The rock legend and former frontman of Credence Clearwater Revival released a TikTok video Thursday where he performs his hit song “Fortunate Son.” The video, which includes #Biden2020 in the caption, opens with his granddaughter giving a “history lesson” about the song’s origins and meaning.
The song, she said, is about how people like her grandfather were required to serve in the military during the Vietnam War. A war they may have disagreed with. All the while, people of privilege were able to effectively buy their way out of the draft. Fogerty has said he believes Trump is one of those “fortunate sons.”
Fogerty served two years in the Army Reserves during the war. Trump received five deferments for the draft. Four times for college and the final one after a doctor diagnosed him with bone spurs in his feet.
John Fogerty thinks the song’s message could apply to today. He pointed out the opening lyrics. “Some folks are born made to wave the flag, ooh their red, white and blue. But when the band plays ‘Hail to the Chief,’ they point the cannon at you.”
That’s “exactly what happened” in Lafayette Square near the White House in June, he said. Federal officers used force to disband protesters ahead of Trump’s visit to a nearby church for a photo op.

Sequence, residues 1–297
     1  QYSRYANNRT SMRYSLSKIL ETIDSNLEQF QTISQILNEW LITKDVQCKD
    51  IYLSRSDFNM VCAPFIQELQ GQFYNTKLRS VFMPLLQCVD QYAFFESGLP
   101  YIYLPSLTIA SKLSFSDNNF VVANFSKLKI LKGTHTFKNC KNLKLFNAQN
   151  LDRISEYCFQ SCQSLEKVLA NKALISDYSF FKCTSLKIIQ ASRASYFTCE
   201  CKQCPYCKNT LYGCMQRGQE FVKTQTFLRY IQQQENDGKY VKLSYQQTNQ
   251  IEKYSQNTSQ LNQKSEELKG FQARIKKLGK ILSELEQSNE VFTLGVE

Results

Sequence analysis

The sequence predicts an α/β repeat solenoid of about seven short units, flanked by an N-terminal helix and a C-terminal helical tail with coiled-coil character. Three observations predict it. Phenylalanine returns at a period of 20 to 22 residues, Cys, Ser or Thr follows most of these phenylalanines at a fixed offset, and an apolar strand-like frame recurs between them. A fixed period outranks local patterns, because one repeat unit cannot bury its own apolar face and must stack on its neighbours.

“It’s a song I could have written now. And so I find it confusing, I would say, that the president has chosen to use my song for his political rallies. When, in fact, it seems like he is probably the fortunate son,” Fogerty said.
John Fogerty Video Responding to Trump
John Fogerty and Donald Trump are in a battle over the use of wildly popular 1960s hit song.
Trump has used “Fortunate Son” at rallies a number of times to Fogerty’s annoyance. The rocker issued a “cease and desist” letter to the president recently, demanding Trump stop using the song.
“I object to the President using my song, ‘Fortunate Son’ in any way for his campaign,” the letter reads. “He is using my words and my voice to portray a message that I do not endorse.”
“Therefore, I am issuing a ‘cease and desist’ order. I wrote this song because, as a veteran, I was disgusted that some people were allowed to be excluded from serving our country because they had access to political and financial privilege. I also wrote about wealthy people not paying their fair share of taxes. Mr. Trump is a prime example of both of these issues. The fact that Mr. Trump also fans the flames of hatred, racism and fear while rewriting recent history, is even more reason to be troubled by his use of my song.”
Trump followed the musician’s denunciation by retweeting a video on Wednesday that features him entering a re-election rally to the song, The Hill reported.
Fogerty joins a very long list of musicians and their estates who have asked Trump to stop using their music.